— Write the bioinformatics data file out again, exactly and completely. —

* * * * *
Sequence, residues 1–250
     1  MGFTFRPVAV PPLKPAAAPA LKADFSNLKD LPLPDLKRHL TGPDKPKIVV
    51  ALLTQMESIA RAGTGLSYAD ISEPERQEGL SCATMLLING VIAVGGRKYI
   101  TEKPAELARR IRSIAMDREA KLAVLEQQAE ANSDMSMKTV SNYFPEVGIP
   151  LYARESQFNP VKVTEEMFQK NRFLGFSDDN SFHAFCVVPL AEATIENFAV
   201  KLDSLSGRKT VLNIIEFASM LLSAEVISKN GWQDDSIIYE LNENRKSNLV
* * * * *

Sequence, residues 1–250
     1  MGFTFRPVAV PPLKPAAAPA LKADFSNLKD LPLPDLKRHL TGPDKPKIVV
    51  ALLTQMESIA RAGTGLSYAD ISEPERQEGL SCATMLLING VIAVGGRKYI
   101  TEKPAELARR IRSIAMDREA KLAVLEQQAE ANSDMSMKTV SNYFPEVGIP
   151  LYARESQFNP VKVTEEMFQK NRFLGFSDDN SFHAFCVVPL AEATIENFAV
   201  KLDSLSGRKT VLNIIEFASM LLSAEVISKN GWQDDSIIYE LNENRKSNLV